It seems you need to know the truth first in order to be able to discern the false. If the false is believed first, then it seems, the truth becomes harder to grasp or trust. This is a well-written story of growing up in a dysfunctional family--in this case, the Exclusive Brethren, which have congregations all over the world despite being very small. The book reminded me a little of Oranges Are not the Only Fruit, by Jeannette Winterson, except Winterson's book about growing up in a strange English sect was complicated by her being a lesbian and suffering that particular brand of ostracism.
The cult that the author grew up in in the U. The idea of living in and not even having heard of the Beatles, much less listened to their music, was hard for me to fathom. The sect broke down when the leader was discovered to be an advanced alcoholic who was having sex with a congregant's wife. The crazed, charismatic leader separating his flock from society seems to be peculiar to cults see Koresh, David; Jones, Jim; and any number of others.
The fact of the leader's being a complete reprobate while operating as a messianic figure always baffles me in terms of the many people that get sucked into each scam cult. This story of how she escapes and discovers the rest of the world is by turns tragic and enlightening. The tragic part is her father, who goes from being an elder to being a gambler and going to prison for it.
The enlightening part is her tireless quest to figure out just what life is really about and why the Exclusive Brethren are so weird and world-denying, yet claim to have the true gnosis. A fascinating and intelligent book. I would recommend it to anyone interested in psychology or dysfunctional families and organizations.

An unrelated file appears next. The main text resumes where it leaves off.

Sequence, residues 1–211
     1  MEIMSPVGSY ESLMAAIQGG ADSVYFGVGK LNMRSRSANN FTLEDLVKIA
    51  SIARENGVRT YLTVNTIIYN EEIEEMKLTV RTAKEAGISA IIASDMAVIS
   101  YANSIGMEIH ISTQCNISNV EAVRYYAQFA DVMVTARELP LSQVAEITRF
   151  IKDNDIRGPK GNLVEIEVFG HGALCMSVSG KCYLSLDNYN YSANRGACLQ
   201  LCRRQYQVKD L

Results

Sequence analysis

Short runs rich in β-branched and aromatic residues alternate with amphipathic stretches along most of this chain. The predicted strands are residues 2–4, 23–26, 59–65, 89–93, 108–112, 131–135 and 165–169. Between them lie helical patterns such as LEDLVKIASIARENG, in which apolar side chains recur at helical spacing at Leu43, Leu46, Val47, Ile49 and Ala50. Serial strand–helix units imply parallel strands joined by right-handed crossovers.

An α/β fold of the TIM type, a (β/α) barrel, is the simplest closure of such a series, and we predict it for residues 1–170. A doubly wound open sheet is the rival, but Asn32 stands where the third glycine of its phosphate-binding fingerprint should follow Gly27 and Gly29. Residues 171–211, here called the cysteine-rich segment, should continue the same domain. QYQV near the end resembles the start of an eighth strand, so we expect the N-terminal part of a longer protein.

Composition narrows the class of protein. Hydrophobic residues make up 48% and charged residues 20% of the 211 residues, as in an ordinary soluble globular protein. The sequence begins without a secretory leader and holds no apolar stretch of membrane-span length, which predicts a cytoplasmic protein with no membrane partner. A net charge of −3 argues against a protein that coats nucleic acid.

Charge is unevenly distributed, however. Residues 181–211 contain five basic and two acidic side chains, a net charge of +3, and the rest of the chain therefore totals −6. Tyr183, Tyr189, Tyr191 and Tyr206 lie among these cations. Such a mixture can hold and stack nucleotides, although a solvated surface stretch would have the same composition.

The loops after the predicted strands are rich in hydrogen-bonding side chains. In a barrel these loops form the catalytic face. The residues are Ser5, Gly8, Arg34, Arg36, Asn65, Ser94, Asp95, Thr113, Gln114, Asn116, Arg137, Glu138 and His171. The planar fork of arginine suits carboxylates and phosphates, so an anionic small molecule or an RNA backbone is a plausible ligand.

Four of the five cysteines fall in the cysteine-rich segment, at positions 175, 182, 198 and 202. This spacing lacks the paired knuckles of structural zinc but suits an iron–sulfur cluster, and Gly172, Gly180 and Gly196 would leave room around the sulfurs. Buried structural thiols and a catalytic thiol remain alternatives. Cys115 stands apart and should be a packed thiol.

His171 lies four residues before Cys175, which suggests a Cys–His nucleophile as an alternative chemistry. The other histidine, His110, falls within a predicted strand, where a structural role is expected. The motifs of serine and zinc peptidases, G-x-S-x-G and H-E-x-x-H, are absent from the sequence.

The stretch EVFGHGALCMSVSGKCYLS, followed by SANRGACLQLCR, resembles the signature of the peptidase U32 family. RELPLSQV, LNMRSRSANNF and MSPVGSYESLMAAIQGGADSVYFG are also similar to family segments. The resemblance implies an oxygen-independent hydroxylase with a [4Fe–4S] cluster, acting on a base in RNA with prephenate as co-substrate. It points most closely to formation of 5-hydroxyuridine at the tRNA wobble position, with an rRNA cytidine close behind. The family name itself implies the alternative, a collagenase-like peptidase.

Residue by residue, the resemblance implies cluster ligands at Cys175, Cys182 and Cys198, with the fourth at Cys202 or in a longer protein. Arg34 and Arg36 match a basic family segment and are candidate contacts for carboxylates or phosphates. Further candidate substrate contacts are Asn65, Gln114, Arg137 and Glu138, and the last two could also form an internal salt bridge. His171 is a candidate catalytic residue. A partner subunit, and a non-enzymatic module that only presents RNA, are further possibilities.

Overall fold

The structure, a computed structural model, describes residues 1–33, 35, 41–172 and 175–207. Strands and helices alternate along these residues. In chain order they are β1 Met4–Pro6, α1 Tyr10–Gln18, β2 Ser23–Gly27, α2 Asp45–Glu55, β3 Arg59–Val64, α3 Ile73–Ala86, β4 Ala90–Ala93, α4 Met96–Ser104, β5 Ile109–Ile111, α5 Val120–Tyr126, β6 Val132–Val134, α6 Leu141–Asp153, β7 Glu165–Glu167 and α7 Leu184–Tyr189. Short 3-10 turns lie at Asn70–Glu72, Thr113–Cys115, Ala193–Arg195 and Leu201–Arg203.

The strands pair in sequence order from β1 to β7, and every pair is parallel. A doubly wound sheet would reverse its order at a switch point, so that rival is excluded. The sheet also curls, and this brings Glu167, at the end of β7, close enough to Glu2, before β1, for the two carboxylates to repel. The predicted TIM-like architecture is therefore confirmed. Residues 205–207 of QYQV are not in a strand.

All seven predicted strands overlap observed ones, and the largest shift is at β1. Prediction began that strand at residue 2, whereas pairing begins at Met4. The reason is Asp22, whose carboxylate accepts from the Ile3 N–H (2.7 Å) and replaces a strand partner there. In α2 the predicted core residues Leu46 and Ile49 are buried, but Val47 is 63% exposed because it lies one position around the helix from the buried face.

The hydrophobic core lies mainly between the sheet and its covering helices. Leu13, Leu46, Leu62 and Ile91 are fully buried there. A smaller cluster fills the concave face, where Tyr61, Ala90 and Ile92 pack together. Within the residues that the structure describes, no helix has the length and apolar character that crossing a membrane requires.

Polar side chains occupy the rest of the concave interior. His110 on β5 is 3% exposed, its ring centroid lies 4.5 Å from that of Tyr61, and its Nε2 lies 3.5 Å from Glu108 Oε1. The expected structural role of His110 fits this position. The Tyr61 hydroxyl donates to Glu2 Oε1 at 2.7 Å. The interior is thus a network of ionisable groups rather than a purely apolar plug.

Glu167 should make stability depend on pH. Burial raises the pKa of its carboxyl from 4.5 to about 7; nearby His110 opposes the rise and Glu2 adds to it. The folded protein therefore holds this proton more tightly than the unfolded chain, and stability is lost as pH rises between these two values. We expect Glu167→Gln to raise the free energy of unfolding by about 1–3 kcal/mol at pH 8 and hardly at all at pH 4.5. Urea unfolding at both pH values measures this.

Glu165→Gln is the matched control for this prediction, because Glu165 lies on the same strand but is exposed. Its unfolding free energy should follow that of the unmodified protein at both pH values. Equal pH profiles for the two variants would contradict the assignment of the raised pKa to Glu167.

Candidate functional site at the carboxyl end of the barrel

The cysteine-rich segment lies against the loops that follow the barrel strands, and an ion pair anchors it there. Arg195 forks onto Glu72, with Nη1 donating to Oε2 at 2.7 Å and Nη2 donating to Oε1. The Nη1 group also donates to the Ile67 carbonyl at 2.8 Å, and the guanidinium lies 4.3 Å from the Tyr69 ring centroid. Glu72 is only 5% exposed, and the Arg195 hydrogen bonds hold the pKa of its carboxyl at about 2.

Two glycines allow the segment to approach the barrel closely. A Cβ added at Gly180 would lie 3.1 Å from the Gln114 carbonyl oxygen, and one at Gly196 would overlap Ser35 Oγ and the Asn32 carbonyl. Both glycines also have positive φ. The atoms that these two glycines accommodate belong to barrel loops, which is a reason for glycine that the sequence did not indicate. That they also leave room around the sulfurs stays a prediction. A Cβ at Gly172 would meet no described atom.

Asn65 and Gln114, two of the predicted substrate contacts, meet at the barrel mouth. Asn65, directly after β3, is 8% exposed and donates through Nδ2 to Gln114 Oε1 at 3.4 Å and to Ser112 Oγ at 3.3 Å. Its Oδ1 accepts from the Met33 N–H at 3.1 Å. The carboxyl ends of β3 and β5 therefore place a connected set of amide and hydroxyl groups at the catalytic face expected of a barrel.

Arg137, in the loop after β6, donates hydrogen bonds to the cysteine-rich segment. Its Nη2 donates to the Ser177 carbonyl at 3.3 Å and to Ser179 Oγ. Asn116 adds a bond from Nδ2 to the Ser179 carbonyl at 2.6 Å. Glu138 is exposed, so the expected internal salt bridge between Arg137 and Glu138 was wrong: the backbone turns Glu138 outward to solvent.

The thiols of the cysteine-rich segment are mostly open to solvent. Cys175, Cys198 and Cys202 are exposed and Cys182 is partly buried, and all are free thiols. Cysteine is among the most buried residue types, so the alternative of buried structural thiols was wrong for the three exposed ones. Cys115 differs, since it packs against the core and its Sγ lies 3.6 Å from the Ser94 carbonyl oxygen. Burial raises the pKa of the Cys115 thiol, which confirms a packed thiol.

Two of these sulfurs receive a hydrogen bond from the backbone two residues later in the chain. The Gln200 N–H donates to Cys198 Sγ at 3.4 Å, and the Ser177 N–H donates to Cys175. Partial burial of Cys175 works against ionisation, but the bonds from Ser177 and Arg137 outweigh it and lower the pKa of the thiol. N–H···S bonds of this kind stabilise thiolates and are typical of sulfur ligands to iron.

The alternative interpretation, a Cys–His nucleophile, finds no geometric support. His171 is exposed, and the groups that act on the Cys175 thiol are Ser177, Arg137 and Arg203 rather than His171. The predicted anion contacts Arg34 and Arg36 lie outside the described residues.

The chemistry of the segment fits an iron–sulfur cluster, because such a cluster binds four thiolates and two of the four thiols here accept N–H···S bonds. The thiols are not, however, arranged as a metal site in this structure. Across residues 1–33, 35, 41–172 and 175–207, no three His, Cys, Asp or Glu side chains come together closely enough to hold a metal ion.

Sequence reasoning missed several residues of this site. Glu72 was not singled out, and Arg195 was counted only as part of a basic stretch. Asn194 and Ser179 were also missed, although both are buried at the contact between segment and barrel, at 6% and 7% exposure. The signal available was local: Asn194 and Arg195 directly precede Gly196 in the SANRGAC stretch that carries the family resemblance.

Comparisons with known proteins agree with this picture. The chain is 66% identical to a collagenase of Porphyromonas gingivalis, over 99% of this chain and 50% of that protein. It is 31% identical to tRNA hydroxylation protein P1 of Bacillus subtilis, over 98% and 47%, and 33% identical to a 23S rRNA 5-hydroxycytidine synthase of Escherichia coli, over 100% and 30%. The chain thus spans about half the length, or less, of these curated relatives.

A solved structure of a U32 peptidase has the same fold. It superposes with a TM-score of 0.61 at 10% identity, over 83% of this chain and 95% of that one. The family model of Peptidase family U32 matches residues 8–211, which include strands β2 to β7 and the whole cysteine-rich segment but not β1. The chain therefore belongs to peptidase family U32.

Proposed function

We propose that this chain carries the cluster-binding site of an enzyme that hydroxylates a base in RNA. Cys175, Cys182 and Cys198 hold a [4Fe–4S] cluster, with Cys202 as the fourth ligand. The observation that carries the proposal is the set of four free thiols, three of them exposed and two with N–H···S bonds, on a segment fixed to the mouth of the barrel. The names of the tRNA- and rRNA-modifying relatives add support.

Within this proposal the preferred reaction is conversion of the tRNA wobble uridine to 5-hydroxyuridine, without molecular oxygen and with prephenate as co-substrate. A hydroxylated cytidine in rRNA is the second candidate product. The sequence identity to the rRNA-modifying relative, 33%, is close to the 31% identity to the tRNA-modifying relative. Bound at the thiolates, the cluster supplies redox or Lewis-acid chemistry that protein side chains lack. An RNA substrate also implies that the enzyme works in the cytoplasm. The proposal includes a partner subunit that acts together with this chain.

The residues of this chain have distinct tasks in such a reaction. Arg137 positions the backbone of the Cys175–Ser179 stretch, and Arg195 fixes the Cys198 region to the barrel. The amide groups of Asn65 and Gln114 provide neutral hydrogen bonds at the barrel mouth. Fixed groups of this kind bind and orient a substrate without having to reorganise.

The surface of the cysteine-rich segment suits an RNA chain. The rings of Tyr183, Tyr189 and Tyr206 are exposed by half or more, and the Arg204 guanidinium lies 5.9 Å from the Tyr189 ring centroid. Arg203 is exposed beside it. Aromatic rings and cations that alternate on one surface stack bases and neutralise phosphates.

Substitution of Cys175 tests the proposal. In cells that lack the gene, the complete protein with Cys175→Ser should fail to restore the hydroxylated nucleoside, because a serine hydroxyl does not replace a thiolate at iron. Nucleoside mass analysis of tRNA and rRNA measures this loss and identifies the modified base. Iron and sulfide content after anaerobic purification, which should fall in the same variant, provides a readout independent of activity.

Aug 29, Caren rated it liked it Shelves: adult-nonfiction. Moderately interesting. I picked this up at the library. The author, who is British, moved into an old windmill in East Anglia with her father to care for him in his final months as he was dying from cancer. She spent a lot of time recording interviews with him in order to complete the memoir he had begun. The defining time in both of their lives was the years spent in a strict Christian sect, the Brethren. She was just a child and the family left the cult when she was about eleven, but the expe Moderately interesting.
She was just a child and the family left the cult when she was about eleven, but the experience had a searing effect on her. I wonder why so many religions repress women? Even as a child, she wondered why the women, who had to sit with the children in the back rows of the frequent, secretive meetings, had to cover their heads and not speak. She wished they would rise and defiantly stamp their feet. She recalls an incident when a cousin accused her of being responsible for the troubles in the world because "Eve gave Adam the apple". She thought angrily, "he didn't have to take it!
Her father, who was larger than life in both stature and personality, was one of the preachers in the church. After the family left the sect, her parents' marriage fell apart. It sounded as though her mother really raised the kids. The father had a gambling addiction and was a mercurial personality who had another family on the side before the actual divorce.
I had never heard of the Brethren, but honestly, it was kind of depressing to read about life in this cult. I wondered why on earth a woman would ever agree to any arrangement like that. Her family left the cult only after it reached a crisis incident when its lead preacher openly took another man's wife to bed. The cult didn't end though; it just split. As I said: depressing. Feb 03, Liz Mc2 rated it really liked it Shelves: memoir , nonfiction. Eventually, she realized that this was her story too, and wrote it her way, though her father and their relationship are at the heart of the book.
I was surprised therefore to find out that it existed in the U. Roger Stott comes across as a formidable figure, if at times terrifying, who steals the show in the book: Stott herself cannot compete with her Yeats quoting, Bible wielding, whisky glugging father. A terrific memoir and a must for any self-professed cult scholar. Rebecca Stott is from a family belonging to a religious sect called the Exclusive brethren.